Why are Kansas City police issuing fewer tickets?

For the past year, the Kansas City Police Department has been using a small electronic device to issue tickets…but fewer of them. The hand-held device lets an officer scan a driver’s license, send the ticket information directly to the court, and print out a ticket for the alleged offender. Photo courtesy KCPD.

Posted by Joe Lambe

It may be kindness, technical glitches or both, but Kansas City police are ticketing far fewer people and that costs the city money.

Through the end of August, they have written 40,700 fewer tickets than for the same period last year, police reported Tuesday at the meeting of the Board of Police Commissioners.

When Commissioner Patrick McInerney asked about that, Police Chief Darryl Forté said he was probably responsible for much of the 24 percent decline.

When he started as chief about a year ago, he stressed writing fewer tickets in areas where police are trying to build relationships.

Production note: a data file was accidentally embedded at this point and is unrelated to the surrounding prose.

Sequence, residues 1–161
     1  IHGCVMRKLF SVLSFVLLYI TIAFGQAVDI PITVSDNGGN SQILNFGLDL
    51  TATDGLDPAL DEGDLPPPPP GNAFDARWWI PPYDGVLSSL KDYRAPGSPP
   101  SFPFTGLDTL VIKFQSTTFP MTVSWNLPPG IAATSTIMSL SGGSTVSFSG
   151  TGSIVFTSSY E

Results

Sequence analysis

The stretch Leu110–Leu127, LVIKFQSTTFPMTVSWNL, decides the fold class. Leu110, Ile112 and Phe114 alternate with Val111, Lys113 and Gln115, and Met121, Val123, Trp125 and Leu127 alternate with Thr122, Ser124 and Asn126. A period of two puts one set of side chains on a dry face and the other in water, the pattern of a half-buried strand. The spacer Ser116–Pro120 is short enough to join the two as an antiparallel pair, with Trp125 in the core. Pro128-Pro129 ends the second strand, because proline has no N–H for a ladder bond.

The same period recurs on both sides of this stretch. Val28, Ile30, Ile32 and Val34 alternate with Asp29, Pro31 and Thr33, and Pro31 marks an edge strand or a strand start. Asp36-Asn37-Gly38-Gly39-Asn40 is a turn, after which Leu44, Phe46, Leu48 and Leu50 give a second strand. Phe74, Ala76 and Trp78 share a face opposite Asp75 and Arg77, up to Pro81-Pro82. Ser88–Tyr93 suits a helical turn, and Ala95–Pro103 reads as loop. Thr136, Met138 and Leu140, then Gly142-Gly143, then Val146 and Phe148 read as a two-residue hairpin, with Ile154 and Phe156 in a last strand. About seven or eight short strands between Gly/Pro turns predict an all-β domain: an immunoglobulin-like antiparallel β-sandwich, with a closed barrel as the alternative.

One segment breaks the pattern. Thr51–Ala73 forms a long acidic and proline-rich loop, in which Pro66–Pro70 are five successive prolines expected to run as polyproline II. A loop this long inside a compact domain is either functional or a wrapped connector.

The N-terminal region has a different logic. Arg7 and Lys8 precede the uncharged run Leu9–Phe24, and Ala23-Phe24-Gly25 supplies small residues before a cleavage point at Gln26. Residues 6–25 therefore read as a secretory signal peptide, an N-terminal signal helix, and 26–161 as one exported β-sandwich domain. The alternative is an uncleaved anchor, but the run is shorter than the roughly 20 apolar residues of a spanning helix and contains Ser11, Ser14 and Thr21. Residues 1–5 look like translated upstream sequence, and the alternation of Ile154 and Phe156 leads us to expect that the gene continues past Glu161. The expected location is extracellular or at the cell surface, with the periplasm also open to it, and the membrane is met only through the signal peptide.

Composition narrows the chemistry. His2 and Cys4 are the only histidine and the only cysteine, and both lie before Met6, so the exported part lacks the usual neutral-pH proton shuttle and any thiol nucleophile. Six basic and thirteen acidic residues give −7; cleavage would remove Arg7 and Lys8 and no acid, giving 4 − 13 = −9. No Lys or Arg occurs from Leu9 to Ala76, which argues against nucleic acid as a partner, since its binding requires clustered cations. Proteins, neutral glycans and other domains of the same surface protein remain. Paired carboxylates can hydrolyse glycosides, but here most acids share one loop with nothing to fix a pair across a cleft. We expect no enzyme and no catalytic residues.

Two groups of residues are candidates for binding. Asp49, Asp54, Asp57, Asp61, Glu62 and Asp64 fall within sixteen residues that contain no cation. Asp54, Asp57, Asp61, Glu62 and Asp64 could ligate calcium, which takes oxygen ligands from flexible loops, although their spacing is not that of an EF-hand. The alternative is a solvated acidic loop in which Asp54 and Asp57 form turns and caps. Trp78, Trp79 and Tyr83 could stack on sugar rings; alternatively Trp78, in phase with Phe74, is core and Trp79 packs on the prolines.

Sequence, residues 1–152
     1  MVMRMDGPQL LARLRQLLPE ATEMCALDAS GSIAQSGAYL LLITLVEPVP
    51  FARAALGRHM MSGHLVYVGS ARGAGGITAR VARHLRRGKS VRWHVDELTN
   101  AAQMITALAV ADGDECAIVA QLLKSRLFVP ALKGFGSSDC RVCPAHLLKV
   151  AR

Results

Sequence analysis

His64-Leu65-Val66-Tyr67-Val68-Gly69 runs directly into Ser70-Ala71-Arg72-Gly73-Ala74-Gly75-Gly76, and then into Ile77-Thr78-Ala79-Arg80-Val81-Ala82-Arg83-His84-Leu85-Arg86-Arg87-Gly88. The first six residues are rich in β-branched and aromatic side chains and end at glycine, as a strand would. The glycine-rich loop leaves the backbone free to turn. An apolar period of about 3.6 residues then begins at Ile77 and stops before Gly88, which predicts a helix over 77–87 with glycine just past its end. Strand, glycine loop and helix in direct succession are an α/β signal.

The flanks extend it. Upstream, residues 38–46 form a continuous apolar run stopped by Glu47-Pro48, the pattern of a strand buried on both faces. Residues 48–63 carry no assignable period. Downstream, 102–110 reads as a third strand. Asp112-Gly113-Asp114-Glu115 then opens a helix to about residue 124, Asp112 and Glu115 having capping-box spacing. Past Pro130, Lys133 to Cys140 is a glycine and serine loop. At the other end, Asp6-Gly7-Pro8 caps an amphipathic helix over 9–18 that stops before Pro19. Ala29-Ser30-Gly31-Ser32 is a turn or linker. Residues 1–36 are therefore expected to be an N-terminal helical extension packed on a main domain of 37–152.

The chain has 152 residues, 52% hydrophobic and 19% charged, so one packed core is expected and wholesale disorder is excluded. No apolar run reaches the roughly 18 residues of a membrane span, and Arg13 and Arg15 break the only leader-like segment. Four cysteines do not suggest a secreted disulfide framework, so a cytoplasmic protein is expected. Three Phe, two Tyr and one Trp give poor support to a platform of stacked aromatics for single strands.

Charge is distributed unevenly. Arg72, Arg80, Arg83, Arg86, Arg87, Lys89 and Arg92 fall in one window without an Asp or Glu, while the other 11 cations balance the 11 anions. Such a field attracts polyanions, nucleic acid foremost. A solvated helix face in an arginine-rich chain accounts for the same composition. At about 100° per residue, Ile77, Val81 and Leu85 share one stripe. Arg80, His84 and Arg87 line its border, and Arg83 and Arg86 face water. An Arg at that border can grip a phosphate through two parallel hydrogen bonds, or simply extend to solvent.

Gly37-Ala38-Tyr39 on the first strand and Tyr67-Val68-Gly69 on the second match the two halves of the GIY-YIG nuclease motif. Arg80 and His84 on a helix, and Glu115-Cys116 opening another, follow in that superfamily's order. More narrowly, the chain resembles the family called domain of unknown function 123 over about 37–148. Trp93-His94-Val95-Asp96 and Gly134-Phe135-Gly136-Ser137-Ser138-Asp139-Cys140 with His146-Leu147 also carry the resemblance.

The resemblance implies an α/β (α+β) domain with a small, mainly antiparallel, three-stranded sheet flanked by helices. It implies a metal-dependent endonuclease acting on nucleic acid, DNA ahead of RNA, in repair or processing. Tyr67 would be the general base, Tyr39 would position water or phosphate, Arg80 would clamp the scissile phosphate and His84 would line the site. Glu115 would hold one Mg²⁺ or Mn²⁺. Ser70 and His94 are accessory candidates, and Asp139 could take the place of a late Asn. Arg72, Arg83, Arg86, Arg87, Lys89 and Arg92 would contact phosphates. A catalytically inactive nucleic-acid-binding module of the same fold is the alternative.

On Tuesday, he described his view: “Use discretion and try to develop relationships and try not to be so heavy handed if we can.”

But other police reported that technical and training issues with the e-ticketing that began in August of last year have also played a role.

The handheld devices use a cell signal from Sprint to move data and signal coverage has been spotty in some places.

Training in use of the devices has sometimes been a problem but Forté said that is not true across the board.

“When you talk to people who use it on a daily basis, they’re not having any difficulty,” he said.

McInerney said after the meeting that he does not have a problem with Forté’s kinder approach.

“Used the right way,” he said, “it’s the right way to go.”

McInerney added that in the past, about 25 percent of tickets were dismissed in court because they were illegible, and that problem no longer exists. The commissioner also suggested other factors were possibly involved in the lower ticket numbers, such as “behavior modification from red light cameras.”

The decline in ticket numbers appears to be holding steady.

The Kansas City Star reported September 1 that tickets were down 38,000 through July compared to the same time last year, a 25 percent decline that had cost the city about $1.5 million in revenue.

See a video on how eticketing works


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